Never before have world central banks raised interest rates by these amounts at the same time.
Mainstream media keeps reporting that it’s a bad time to buy a house amidst spiked interest rates. It’s a message for, well, the mainstream. It’s directed toward primary residence buyers.
It’s a different story for income property buyers. The tenant pays your interest for you and rents are spiking.
A looming recession and liquidity crisis is a big threat to stocks and other major markets. Let’s compare the investment environment among major asset classes today.
The dollar. It’s seen hegemonic strength compared to other world currencies. But with 8%+ inflation, it’s the worst time to invest in dollars (save money) in 40 years. Even if your CD or money market fund yields 3%, this guarantees a 5%+ loss in your prosperity.
Gold. It’s the classic inflation hedge with an impressive track record of possessing value for millennia. But it hasn’t done anything in high inflation. I own some gold. It’s about as exciting as eating celery sticks. Silver, platinum, and palladium prices have tailed off too.
Oil. Its rally lasted about as long as your house plant. In a recession, energy consumption wanes.
Cryptocurrency. Many have suffered brutal value downdrains as the crypto winter drags on. Cascading margin calls exposed unsustainable leverage in the system.
Store crypto on a “cold wallet”, which means offline.
Bitcoin is down 70% from its all-time high last November. I still believe that bitcoin has long-term potential due to its brand recognition and fixed supply. It could be time to “buy low”. Ethereum has migrated from “proof of work” to “proof of stake”, which promises to cut energy consumption.
The trend that’s become disappointing to many crypto enthusiasts (and me) is that its price movement is now closely correlated with stocks.
Bonds. Yields will remain well below inflation.
Stocks. In a recession, some sectors do alright historically, namely those in food, housing, consumer staples and health care. Humans demand these necessities in good times and bad, like Walmart, Procter & Gamble, Pfizer and McDonald’s. But don’t expect these to be Aaron Judge home runs.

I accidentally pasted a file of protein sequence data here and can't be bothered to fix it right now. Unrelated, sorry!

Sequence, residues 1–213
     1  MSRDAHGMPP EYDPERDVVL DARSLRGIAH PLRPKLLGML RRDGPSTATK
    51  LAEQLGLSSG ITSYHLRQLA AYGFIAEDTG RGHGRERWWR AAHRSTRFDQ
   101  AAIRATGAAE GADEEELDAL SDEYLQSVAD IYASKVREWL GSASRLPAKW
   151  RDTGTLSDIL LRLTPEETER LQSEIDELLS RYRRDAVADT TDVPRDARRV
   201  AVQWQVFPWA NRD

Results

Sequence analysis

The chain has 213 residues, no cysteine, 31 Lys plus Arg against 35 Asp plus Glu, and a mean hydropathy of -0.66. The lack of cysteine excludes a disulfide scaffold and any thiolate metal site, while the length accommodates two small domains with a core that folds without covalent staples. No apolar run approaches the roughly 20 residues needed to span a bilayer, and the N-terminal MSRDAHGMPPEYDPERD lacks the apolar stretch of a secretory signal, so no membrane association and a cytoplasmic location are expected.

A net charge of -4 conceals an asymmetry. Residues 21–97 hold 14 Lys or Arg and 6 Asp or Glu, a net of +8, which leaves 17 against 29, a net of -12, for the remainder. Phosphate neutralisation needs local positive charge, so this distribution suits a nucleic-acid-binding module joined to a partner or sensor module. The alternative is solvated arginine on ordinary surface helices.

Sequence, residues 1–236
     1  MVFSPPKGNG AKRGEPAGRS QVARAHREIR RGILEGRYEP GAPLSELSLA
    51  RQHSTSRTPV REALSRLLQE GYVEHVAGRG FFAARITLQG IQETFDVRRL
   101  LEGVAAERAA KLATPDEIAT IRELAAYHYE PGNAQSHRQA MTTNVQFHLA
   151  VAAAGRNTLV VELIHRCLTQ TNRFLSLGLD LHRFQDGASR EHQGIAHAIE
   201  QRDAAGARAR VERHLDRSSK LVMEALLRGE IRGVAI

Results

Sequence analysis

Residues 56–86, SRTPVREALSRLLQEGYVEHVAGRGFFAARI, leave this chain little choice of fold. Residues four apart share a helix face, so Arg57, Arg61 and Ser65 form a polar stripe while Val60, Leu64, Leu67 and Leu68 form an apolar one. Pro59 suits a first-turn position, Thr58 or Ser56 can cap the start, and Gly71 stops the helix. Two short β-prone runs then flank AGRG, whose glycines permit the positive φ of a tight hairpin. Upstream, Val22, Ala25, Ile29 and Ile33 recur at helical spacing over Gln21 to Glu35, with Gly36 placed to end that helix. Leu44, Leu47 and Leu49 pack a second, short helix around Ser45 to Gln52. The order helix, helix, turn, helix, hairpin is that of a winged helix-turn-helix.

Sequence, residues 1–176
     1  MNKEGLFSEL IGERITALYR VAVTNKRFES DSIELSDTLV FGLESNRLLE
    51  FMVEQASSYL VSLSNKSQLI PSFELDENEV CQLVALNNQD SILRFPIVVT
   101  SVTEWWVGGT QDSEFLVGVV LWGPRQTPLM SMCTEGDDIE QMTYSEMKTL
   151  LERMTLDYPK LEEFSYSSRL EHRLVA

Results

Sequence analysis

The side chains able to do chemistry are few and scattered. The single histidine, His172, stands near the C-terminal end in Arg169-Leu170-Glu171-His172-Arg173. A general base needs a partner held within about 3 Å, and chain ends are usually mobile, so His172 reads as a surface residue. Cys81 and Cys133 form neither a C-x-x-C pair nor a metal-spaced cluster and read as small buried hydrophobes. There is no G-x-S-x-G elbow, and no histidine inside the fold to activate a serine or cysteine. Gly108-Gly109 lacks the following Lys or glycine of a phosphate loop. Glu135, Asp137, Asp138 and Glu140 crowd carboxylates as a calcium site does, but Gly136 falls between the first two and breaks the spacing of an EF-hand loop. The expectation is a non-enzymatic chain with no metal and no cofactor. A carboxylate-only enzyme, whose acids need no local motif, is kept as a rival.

Historically, recessions are bad for the stock market overall. The S&P 500 is now down 21% year-to-date, on pace for its worst year since 2008.
Many believe stocks are still overvalued and don’t expect major stock indices to rise again until there’s a “Fed pivot”. This means the time when the Fed signals that rate hikes are tapering or that rate cuts are imminent.
Primary residence. Prices have rocketed higher since the beginning of last year. Mortgage rates were 2.7% then and 6.7% today. They could exceed 8% by year-end.
The saving grace is that there’s less competition and buyer contingencies have returned in 2022. But they don’t offset higher rates.
Income property. When you buy one, your tenant pays all of the higher interest rate expense for you. That’s what offsets it. Higher mortgage rates lead to higher rents too.
A 5/1 ARM rather than a fixed-rate mortgage can lower your interest rate by 1.5% or more.
In five years, you might be able to refinance an ARM to a lower rate.
Worst case? Rates rise further—your payment will be less now and more later. In high inflation, you would rather have preserved a dollar today than a dollar tomorrow.
Of course, with your loan, you benefit from inflation-profiting. Say that you make a $50k down payment + $10k closing costs on a $250k property. With 8% inflation on your $200k loan, your ROI is 26.7% from this effect alone. ($16k / $60k invested)
With housing supply this tight, if a tenant loses their job, expect an incoming tenant to occupy it quickly. At times, the latter downgrades from a more expensive unit that they had occupied.
Whether we have a recession or not, you’re going to want another income stream.
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